Mr. Isaac B. Trumbull

Isaac Trumbull image:  New York Herald, May 1915. Isaac B. Trumbull, 33, a United States citizen from Bridgeport, Connecticut, United States, died in the torpedoing of the Lusitania.  His body was recovered, #137, and sent back to the United States. His ticket number for Lusitania was 8568, and he stayed in cabin B-1. Isaac's brother was John B. Trumbull, president of the Trumbull Electric Company in Plainville, also of Connecticut. Isaac was married to Bertha V. Trumbull, then 32, and they had a daughter, Priscilla C. Trumbull, then 13 years of age. Trumbull had been treasurer of both the Connecticut Electric Manufacturing Company and the Trumbull Motor Car Company. From and article on page 3 from the Tuesday, 11 May 1915 New York Times:
War munitions are soon to be manufactured at the large plant of the Trumbull Manufacturing Company in Plainville, suburb of New Britain [Connecticut]. John B. Trumbull, President of the company, announced this today, and he and his brothers would be avenged for the killing of their brother, Isaac B. Trumbull, of Bridgeport, who lost his life when the Lusitania was torpedoed.
From the Greenwich News and Graphic, Friday, 14 May 1915:
President John H. Trumbull of the Trumbull Electric Company of Plainville, brother of Isaac B. Trumbull of Bridgeport, who lost his life on the Lusitania, admitted Tuesday that the company is seriously considering the manufacture of rifles and other munitions of war for use by the allies against Germany, thus making possible the avenging of the death of Mr. Trumbull.  The company is in a position to receive large war orders and the acquisition of adequate machinery to accomplish the manufacture of the implements and incidentally to avenge the death of Mr. Trumbell [sic] is being seriously considered.  It has received opportunities to bid upon large supplies of rifles, shrapnel, and other munitions of war.  The cost of the special machinery necessary is now being figured by the officers of the company. Mr. Trumbull regards the death of his brother and the other passengers on the Lusitania as deliberate murder.  He does not believe, however, that the sinking of the vessel is sufficient cause for war on the part of the United States, and is inclined to criticize the naval authorities of England for their failure to have convoys for the ship.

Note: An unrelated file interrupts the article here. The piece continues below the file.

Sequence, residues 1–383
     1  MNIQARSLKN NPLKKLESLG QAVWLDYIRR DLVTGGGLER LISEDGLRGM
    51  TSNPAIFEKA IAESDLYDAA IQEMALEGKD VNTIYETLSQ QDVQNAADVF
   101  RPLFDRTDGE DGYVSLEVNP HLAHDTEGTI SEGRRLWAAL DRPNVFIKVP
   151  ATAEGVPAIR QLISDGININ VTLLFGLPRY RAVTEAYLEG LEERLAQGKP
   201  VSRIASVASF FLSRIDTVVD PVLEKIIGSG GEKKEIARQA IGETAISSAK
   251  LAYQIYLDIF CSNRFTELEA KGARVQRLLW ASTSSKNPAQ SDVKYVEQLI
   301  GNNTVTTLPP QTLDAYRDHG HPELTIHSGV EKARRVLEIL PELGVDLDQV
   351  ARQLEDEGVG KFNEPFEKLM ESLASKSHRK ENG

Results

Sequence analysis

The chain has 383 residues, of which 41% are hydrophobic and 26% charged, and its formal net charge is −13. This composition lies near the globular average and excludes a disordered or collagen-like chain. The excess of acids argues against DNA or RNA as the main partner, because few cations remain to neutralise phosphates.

Related pages

Isaac Trumbull at the Mixed Claims Commission
Contributors: Carole Lindsay Judith Tavares References: Greenwich News and Graphic, Friday, 14 May 1915. Mixed Claims Commission. Docket No. 273. New York Times, Tuesday, 11 May 1915, page 3.

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